"If you really think the environment is less important than economy try holding your breath while counting your money."
- Dr. Guy McPherson
I tracked down the source of the quote, and it's from this blog post that he wrote back in May 2009, titled Time for a Revolution.
The exact quote is:
"If you think the economy is more important than the environment, try holding your breath while counting your money."
About Guy McPherson:
Dr. Guy McPherson was Professor Emeritus of Natural Resources and Ecology & Evolutionary Biology at the University of Arizona, where he taught and conducted research for twenty years.
His scholarly work, which has for many years focused on conservation of biological diversity, has produced 10 books and more than 100 articles. He is the author or co-author of such books as "Living with Fire: Fire Ecology and Policy for the Twenty-first Century," "Letters to a Young Academic: Seeking Teachable Moments," and "Ecology and Management of North American Savannas."
McPherson speaks about the two primary consequences of our fossil-fuel addiction: global climate change and energy decline; and strategies he's employed to prepare for an uncertain future.
He lives in an off-grid, straw-bale house where he organic gardens, raises small animals for eggs and milk, and works with members of his rural community. Guy developed a comprehensive set of durable living arrangements in response to the ongoing collapse of the industrial economy and global climate change. He shares property in a rural area developed specifically to provide abundant supplies of food and water as well as maintaining comfortable body temperature in the absence of fossil fuels.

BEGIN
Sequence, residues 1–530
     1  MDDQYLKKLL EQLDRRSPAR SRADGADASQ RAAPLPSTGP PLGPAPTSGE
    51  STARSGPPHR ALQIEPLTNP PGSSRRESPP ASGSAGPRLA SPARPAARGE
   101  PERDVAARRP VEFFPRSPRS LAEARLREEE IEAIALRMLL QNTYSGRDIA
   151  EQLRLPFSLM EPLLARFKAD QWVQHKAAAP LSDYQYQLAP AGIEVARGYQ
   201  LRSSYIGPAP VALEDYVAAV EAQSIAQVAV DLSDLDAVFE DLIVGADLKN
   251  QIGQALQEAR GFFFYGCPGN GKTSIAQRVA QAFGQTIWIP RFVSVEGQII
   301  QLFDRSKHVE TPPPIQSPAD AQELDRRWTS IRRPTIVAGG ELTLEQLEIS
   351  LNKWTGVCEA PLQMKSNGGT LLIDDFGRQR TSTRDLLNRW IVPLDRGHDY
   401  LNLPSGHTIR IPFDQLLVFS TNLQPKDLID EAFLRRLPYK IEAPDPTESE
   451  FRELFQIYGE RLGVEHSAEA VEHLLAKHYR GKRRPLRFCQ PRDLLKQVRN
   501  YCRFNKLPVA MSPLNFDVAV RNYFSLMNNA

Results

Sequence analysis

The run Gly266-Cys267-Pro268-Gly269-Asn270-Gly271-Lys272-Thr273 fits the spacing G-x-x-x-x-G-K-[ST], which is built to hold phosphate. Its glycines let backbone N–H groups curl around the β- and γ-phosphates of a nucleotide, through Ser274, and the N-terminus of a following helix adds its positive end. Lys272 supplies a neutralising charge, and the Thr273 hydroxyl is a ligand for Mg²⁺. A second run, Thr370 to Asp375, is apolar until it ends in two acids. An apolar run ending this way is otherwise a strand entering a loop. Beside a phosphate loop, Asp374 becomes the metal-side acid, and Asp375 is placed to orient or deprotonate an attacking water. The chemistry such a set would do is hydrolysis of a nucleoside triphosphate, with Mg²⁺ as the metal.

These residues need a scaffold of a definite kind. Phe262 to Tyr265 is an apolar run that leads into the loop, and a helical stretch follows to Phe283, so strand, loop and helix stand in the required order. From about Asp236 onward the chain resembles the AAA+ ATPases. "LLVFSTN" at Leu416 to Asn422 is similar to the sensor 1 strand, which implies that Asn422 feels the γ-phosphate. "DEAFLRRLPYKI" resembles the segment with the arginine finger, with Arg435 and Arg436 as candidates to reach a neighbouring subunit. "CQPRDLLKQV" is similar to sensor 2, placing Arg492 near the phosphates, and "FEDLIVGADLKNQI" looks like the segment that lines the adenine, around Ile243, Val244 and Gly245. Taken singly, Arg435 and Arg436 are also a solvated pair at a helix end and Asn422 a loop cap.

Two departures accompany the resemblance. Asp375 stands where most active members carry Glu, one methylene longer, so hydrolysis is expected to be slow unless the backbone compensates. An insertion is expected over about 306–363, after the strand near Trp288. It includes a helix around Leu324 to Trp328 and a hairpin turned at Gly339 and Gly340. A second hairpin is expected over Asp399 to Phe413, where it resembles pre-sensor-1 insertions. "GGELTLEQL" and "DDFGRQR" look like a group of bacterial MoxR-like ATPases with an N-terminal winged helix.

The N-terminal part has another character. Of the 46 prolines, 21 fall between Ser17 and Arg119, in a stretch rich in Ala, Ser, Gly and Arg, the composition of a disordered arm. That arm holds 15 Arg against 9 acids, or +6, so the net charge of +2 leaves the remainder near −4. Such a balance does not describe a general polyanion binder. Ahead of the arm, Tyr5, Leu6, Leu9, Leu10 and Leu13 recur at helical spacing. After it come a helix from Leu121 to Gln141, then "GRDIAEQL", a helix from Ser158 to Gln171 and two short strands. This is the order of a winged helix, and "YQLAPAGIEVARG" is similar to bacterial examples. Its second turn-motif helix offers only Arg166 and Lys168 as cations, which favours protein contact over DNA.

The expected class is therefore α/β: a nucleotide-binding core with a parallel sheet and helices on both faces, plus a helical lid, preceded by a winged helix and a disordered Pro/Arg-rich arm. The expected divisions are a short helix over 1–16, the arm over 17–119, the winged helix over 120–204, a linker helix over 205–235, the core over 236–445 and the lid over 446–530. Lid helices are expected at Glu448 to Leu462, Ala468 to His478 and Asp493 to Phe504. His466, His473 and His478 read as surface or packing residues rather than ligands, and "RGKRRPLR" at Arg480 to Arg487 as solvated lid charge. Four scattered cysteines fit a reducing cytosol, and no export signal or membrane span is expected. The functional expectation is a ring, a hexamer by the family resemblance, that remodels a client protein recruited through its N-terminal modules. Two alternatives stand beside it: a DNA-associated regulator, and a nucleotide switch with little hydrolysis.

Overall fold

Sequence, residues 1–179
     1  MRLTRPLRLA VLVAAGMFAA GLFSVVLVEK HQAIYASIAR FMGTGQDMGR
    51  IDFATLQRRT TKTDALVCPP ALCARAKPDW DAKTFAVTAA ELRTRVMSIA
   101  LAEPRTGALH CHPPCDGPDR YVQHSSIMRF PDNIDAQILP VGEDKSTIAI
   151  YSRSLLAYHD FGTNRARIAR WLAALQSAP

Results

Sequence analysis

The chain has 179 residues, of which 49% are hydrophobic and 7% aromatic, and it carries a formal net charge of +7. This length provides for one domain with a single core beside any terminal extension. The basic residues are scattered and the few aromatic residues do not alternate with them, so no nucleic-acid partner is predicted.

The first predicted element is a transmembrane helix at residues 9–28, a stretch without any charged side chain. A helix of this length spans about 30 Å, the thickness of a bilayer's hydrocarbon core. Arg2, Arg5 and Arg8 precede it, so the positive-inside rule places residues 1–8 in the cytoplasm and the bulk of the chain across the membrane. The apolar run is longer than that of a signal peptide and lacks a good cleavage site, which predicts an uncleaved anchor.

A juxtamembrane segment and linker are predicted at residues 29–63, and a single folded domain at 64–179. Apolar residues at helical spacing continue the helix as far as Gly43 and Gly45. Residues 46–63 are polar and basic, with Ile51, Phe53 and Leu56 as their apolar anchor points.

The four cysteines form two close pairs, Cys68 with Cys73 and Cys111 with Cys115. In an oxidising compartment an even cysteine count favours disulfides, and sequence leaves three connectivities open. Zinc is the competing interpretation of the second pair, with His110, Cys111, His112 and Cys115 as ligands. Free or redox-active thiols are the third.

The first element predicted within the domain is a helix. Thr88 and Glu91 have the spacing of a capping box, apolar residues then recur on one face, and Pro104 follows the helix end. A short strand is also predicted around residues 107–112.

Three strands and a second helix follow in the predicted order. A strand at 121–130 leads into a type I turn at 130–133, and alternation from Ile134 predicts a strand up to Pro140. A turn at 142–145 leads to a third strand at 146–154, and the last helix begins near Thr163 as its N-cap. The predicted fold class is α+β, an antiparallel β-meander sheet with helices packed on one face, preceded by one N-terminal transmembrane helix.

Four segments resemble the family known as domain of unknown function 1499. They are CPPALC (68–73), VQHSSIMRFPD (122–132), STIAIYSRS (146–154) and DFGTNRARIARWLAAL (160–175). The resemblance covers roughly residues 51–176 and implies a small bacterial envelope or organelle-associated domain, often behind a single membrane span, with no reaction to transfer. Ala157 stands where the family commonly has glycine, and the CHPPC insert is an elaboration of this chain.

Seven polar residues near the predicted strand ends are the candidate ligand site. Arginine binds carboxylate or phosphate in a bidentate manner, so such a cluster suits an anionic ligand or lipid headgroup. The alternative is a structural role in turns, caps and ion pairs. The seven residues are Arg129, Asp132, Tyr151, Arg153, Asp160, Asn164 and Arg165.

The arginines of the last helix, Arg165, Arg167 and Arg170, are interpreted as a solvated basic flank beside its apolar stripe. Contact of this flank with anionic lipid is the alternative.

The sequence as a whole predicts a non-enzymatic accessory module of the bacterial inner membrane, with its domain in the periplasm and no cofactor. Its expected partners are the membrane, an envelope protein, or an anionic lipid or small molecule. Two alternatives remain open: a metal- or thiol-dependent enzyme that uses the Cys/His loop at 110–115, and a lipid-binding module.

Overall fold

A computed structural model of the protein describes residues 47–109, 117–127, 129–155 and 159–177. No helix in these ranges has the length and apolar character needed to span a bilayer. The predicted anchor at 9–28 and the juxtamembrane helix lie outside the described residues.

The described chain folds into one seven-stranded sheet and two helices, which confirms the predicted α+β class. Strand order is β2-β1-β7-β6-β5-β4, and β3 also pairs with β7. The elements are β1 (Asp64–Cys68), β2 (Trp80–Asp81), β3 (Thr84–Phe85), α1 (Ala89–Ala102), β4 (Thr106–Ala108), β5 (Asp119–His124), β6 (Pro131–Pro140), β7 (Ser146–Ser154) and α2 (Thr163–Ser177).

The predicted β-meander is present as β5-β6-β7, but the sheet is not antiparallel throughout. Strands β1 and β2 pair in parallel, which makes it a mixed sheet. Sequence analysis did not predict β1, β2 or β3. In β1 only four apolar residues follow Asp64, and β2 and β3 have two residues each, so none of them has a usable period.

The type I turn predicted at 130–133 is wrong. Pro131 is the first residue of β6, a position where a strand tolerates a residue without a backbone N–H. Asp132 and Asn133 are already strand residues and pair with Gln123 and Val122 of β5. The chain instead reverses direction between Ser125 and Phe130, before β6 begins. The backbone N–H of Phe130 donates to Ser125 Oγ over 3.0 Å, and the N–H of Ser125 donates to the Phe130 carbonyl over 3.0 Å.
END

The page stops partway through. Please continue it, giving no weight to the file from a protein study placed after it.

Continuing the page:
I haven't really read many of his writings, nor do I know much about him at the moment, but this one quote echoes a lot of my thoughts about the importance of conservation, and why we need to focus a lot more attention on ecological health. Many serious environmental problems are the direct result of exploitation of resources for economic growth, while many of the solutions are stymied or waylaid by those who insist that the cost to economic growth would be too great. While I believe that a balance can be struck between development and environmental protection, I do sometimes wonder if it's really possible to have constant economic growth on a planet with finite resources. Is GDP really the only benchmark to gauge whether a society is doing well?
I'd like to end this quick post by sharing two articles by Paul Kingsnorth that I've read recently, Confessions of a Recovering Environmentalist, and Dark Ecology. These aren't your typical superficial "Save the Earth" platitudes, but for reasons that I can't really articulate, the messages they bear are much deeper and even more profound, with suggestions on what we can do in the face of what appears to be an inevitable march towards continued environmental deterioration. Grim, no doubt, but truthful.
Now, if you'll excuse me, I am going to go out walking.
(Cross-posted to SBA Plus. Do support me in the Singapore Blog Awards!)